There will never be a Literature of Reality

The first job of the myth maker is to shrink the universe. The shrinkage occurs along all dimensions: time, space and mind. You see this everywhere. Immortal vampires and wizards are, at most, a few thousand years old: younger than many real trees. Grand science fiction star empires seldom span a single galaxy in a universe of hundreds of billions. Time travelers never set their machines to zero or infinity; they have no interest in creation or ultimate ends. The demigods, super AI’s, and other transcendent beings brood unproductively, without original ideas, for millennia. Remember when Elrond reminisced about “being there” when Sauron was struck down three thousand Middle Earth years ago. In all that time the great, wise, and nearly immortal, elves of Middle Earth did not move beyond simple swords. How quickly the battle for Gondor would have gone with a few dozen Abrams tanks and a couple squadrons of Warthogs.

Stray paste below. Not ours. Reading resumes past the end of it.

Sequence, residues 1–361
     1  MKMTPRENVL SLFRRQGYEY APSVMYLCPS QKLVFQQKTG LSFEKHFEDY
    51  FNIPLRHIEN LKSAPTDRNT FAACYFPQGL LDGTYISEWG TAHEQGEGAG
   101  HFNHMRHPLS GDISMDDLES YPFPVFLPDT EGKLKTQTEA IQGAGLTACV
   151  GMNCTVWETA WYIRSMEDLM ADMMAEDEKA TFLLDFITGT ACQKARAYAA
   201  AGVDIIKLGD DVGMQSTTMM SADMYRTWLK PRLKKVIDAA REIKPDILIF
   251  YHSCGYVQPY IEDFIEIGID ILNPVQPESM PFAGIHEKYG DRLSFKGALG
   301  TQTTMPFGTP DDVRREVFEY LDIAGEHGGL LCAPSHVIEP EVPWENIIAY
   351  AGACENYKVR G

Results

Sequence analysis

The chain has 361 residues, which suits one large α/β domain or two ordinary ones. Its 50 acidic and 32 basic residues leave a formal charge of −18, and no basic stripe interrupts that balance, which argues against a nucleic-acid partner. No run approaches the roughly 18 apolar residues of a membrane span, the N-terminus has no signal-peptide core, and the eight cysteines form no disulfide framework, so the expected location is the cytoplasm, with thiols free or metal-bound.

It’s hard to fault human authors for shrinking the universe. The real universe, the utterly vast and ancient universe slowly discovered by modern science, is beyond all human scales. Imagine a book that devoted one word to every star in the observable universe. The number of stars in the observable universe is a unit that has a name. It’s called a Sagan in honor of Carl Sagan. The Sagan is currently estimated to be around 7 x 1022.  Assuming there are one thousand words per page our book would have 7 x 1019 pages.

If we read nonstop at a rate of one hundred pages per hour it would take about 80 billion years, or six times the estimated age of the universe, to read this book. Yet, vast as this book is, it leaves out pretty much everything. There’s no mention of the Earth or other planets: so many pages and not even a Hitchhiker’s Guide to the Galaxy’s “mostly harmless.” Reality overwhelms imagination. The magic of Harry Potter is piffle compared to cosmic inflation. Haldane was right. The universe is probably queerer than we can imagine and certainly deeper than we can grasp. Our meager fictions must float in serene little bubbles lest they overrun our short impatient lives. There will never be a literature of reality.